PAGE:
Two of the hottest places you can invest today are in biotech and cannabis. Cara Therapeutics (NASDAQ:CARA) will give you exposure to the former, while Scotts Miracle-Gro (NYSE:SMG) is a good option for investors looking to bank on the growth of the latter.

Investors in both stocks have reason to be excited about each company's future, but deciding which stock is the better option for you may come down to not just your outlook for the companies, but the risk you're willing to take on.

Is Cara Therapeutics' risk worth the reward?

Investors got a glimpse of just how volatile shares of Cara can be when the stock crashed in December, losing 35% of its value in just one day. It wasn't a bad earnings result that sent investors into a panic but underwhelming results from its phase 2 clinical study of Oral Korsuva. This highlights just how important the drug, which treats itching associated with chronic kidney disease, is to Cara's future. The good news is that Korsuva Injection is further along in phase 3 trials, and in November, it showed encouraging results.

The problem for investors is that those results, while positive, are still not a guarantee that the Food and Drug Administration (FDA) will approve the drug. However, it may be a low risk given the progress it's making and that the FDA awarded Korusva a breakthrough therapy designation. Either way, investors will need to be patient as getting drugs approved and progressing through clinical studies can take a long time, with studies often taking years to complete.

Pills spilling out of a fallen-over pill bottle

Image source: Getty Images.

Cara needs Korsua to succeed because over the past 12 months, the company generated just $20.9 million in sales with a loss of $98.4 million. The company has also burned through more than $102 million in free cash during that time. Everything hinges on Korsuva paying off.

Can Scotts continue its impressive run?

Scotts' future doesn't depend on anything but for the cannabis industry to continue growing, literally. Its Hawthorne subsidiary helps cannabis producers through hydroponics, which is the process of growing plants without the need for soil. That's why it's no surprise that the stock is trading near its 52-week high given the rising popularity of cannabis. The company is coming off of a strong first-quarter report released on Jan. 29, which showed Hawthorne's sales grew by 41% from the prior-year quarter. The segment is what's keeping Scotts' numbers up as its U.S. consumer business saw much more modest revenue growth of 8%.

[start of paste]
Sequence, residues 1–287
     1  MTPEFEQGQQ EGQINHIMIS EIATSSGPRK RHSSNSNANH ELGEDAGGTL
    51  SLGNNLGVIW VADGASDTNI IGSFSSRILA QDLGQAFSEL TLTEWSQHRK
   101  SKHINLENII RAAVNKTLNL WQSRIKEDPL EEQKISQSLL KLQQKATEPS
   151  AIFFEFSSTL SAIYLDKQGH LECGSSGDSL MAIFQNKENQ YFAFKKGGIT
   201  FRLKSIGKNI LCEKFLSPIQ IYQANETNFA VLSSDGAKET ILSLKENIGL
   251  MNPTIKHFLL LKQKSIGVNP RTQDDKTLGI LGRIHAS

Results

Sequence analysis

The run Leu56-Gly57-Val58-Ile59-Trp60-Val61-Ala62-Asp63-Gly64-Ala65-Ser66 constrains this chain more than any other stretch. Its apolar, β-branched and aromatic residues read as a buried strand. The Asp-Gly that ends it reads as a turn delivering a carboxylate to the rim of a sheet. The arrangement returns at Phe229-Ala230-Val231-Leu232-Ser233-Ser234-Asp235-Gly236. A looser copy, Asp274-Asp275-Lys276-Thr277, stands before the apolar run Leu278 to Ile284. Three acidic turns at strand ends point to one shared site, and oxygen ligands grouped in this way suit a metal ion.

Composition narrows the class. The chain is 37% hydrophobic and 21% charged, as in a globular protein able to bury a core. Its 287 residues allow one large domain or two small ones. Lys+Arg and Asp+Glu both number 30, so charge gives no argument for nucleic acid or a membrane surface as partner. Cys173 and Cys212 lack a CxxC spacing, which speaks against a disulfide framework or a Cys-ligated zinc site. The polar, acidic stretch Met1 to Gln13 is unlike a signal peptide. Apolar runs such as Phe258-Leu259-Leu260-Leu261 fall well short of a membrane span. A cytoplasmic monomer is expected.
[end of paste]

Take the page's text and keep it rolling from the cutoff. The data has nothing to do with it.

The one concern for investors is that the company is only expecting its total sales growth for fiscal 2020 to come in between 4% and 6%, which is a modest figure given the 23% growth it generated to start the year. But with strong results to compare against from fiscal 2019, Scotts won't have as easy of a time in smashing prior-year numbers. The worst case for investors is that the company continues to generate modest, single-digit growth, while the best case could see it go into the double-digits if the marijuana industry continues booming.

Which stock is the better buy today?

Whether you are inclined to buy Cara or Scotts will likely depend on your outlook for the cannabis industry in the U.S. If you're optimistic about its future, then Scotts is the easy choice; it's less of a risk with its gardening business giving it a strong base, while Hawthorne can accelerate its growth as more producers buy its products. If you're not bullish on pot, then Cara may be the better option; Korsuva is making lots of progress, and with the drug at phase 3, it's fairly far along in the process.

For agnostic investors who may not have a strong opinion on either industry, Scotts will be the better buy if for no other reason than it's less volatile than Cara. It's also less dependent on cannabis than Cara is on Korsuva. if the cannabis industry doesn't do as well as investors may expect it to do, Scotts still looks good with its U.S. consumer segment being able to generate growth. And at a price-to-earnings multiple of less than 15, investors aren't paying a whole lot to own it, either. Cara, meanwhile, still has a long way to go just to hit breakeven.